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“Beneficial JI” - Short talk 2.3: Rachel-Shlmoit Brezis - Testing the limits – and potential of joint improvisation: Motor skills, social skills and interpersonal synchronization in adults with autism spectrum disorders


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“Beneficial JI” - Short talk 2.3: Rachel-Shlmoit Brezis - Testing the limits – and potential of joint improvisation: Motor skills, social skills and interpersonal synchronization in adults with autism spectrum disorders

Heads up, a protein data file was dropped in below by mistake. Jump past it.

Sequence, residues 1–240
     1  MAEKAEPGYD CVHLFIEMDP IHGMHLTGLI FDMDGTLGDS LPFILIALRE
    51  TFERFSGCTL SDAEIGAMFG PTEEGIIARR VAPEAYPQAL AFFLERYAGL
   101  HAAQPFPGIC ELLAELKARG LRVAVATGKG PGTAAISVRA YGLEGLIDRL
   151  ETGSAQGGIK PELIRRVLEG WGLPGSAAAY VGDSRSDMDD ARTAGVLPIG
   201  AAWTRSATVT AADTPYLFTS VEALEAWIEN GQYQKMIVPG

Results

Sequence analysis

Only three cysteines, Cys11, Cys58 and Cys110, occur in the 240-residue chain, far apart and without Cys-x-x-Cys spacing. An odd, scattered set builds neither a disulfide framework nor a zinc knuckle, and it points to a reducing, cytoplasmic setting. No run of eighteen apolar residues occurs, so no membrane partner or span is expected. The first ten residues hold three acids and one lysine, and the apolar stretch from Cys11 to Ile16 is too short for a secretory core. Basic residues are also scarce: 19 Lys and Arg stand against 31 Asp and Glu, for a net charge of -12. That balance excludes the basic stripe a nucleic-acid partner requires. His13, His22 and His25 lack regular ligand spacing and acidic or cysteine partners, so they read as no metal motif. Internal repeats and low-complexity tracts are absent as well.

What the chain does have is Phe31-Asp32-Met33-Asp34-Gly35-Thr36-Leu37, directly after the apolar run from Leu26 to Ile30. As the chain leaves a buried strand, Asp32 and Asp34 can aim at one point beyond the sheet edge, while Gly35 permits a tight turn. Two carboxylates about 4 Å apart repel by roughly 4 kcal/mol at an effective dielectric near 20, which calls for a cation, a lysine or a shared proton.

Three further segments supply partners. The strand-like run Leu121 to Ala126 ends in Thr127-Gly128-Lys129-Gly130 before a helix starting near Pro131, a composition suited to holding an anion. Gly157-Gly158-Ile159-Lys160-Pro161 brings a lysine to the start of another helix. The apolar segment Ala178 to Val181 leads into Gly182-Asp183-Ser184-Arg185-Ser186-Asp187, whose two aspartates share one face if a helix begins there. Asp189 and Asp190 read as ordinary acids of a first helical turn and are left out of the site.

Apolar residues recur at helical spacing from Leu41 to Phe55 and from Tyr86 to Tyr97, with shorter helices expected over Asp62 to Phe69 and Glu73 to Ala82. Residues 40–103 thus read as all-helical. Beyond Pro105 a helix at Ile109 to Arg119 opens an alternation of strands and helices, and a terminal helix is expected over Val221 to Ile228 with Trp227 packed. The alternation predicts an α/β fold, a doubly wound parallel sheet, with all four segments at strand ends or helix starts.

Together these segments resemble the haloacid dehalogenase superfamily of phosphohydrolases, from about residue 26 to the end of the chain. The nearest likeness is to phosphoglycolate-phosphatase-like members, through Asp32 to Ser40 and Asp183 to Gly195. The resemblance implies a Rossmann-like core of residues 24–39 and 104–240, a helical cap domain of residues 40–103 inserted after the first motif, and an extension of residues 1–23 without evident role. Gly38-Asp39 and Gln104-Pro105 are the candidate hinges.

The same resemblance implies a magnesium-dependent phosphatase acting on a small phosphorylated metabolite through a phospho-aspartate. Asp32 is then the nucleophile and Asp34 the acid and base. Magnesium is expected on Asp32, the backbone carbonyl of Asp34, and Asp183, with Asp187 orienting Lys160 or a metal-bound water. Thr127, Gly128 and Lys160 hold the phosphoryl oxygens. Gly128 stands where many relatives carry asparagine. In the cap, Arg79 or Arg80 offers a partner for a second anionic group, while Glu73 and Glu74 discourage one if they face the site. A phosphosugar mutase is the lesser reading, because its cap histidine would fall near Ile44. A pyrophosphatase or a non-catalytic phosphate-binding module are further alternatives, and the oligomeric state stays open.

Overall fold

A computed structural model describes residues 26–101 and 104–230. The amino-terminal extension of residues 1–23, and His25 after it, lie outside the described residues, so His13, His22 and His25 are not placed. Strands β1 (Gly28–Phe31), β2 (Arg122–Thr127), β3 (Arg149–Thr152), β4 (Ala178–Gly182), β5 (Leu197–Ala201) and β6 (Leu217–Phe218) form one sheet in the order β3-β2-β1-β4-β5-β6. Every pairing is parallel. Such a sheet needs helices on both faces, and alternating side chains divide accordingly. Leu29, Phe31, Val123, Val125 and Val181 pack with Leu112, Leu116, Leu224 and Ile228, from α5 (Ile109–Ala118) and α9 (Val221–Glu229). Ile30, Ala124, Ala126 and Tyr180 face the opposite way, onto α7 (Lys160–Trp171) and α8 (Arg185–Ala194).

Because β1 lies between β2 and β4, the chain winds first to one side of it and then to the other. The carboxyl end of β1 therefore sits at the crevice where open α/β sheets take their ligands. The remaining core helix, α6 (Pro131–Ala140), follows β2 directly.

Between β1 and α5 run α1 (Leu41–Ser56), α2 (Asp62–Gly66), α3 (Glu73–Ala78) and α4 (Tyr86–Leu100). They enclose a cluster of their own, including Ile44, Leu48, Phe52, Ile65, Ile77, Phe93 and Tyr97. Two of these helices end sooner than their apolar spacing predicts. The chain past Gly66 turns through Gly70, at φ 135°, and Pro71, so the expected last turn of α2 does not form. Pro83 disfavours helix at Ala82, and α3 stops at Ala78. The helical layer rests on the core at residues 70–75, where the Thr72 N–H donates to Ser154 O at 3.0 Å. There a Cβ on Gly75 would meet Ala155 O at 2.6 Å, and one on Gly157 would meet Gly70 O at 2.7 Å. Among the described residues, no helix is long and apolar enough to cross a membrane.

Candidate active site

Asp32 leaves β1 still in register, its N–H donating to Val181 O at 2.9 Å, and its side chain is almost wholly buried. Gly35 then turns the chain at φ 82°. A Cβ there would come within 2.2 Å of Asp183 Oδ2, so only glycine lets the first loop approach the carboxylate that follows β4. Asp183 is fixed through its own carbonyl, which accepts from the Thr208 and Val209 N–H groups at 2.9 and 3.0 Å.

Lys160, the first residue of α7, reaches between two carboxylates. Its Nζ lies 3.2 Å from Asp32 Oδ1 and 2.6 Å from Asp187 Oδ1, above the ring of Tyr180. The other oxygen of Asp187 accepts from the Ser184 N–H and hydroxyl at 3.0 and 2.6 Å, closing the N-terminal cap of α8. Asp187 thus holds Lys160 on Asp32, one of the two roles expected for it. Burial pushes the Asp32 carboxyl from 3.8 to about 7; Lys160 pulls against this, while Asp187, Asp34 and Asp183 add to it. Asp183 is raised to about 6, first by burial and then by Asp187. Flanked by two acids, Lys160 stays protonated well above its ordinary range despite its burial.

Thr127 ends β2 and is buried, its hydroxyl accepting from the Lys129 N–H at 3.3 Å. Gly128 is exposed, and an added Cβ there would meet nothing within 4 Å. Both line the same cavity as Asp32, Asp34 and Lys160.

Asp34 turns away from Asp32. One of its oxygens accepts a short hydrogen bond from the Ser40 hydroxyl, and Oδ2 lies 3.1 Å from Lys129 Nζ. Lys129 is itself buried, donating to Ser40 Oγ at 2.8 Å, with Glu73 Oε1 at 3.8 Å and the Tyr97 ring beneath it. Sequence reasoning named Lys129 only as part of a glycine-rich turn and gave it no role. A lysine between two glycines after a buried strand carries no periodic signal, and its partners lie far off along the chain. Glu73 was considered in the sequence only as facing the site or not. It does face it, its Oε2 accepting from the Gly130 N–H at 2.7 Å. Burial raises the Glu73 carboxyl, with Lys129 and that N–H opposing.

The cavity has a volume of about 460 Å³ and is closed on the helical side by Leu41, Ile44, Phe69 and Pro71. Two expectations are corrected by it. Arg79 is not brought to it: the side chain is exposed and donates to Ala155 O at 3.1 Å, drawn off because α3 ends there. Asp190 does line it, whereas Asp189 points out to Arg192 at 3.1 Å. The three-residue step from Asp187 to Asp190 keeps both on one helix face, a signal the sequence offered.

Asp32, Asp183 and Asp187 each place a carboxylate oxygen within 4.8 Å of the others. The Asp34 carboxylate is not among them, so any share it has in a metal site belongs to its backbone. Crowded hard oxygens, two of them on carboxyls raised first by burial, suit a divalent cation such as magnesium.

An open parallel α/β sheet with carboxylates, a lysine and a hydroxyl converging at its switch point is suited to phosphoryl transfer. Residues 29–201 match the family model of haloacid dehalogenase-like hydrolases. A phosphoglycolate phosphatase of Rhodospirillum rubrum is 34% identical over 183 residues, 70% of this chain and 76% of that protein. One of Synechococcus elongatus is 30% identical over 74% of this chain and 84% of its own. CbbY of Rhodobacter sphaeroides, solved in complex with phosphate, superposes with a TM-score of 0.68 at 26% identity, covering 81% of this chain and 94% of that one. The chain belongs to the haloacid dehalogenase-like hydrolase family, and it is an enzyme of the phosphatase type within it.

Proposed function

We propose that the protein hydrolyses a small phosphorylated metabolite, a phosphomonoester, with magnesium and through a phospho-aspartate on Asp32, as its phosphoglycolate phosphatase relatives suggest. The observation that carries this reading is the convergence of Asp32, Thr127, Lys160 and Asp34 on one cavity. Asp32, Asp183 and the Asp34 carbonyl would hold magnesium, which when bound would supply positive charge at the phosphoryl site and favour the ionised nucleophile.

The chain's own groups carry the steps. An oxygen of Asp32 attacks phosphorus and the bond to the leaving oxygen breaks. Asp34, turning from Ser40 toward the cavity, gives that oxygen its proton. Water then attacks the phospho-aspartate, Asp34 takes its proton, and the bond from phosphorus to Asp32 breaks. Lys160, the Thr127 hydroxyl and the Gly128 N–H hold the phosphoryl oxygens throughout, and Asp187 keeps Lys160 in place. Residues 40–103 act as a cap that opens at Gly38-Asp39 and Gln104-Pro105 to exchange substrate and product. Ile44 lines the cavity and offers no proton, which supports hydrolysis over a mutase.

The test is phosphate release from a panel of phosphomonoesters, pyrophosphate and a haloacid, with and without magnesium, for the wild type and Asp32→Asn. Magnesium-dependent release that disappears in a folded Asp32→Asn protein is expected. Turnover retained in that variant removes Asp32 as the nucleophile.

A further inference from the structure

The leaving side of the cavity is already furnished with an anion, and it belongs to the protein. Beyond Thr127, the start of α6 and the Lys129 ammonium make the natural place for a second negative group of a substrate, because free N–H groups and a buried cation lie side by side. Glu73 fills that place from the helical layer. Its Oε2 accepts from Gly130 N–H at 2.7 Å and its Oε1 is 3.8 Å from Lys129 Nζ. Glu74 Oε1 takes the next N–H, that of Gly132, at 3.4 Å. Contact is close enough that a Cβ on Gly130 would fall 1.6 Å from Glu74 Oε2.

Research on joint improvisation has shown that expert improvisers, as well as neurotypical individuals, canjointly create novel complex motion, synchronized to less than 180ms (Noy et al., 2011; Hart et al., 2014;Golland et al., 2015; FeiningerSchaalet al., in review). Presumably, this ability relies on these individuals’motor skills and social skills – yet little is known about the preconditions and correlates of successful jointimprovisation. Here, we employ the Mirror Game paradigm (Noy et al., 2011) with a population of adults withAutism Spectrum Disorder (ASD). ASD is defined by a deficit in social and communication skills and atendency for routinized behaviors yet recent research has been pointing to a possibly more primary difficultywith sensorymotorsynchronization in ASD (Gowen & Hamilton, 2013), which may in turn impedeindividuals’ ability to synchronize with others, leading to reduced social and communicative skills (Marsh etal. 2013; de Jaegher, 2013). 40 individuals with autism, and 40 agegenderandIQmatchedTypicallyDeveloping (TD) control participants played the Mirror Game against the same expert improviser. The studyaims to determine: (a) whether individuals with ASD have a reduced capacity for sensorymotorsynchronization compared to TD participants; and (b) whether the ability of both TD and ASD participants tosynchronize their motions with another player is related to basic motor skills (i.e., motor coordination,proprioception and imitation) on the one hand, and participants’ everyday social skills (conversationalrapport, empathy and autism symptom severity) on the other.

 

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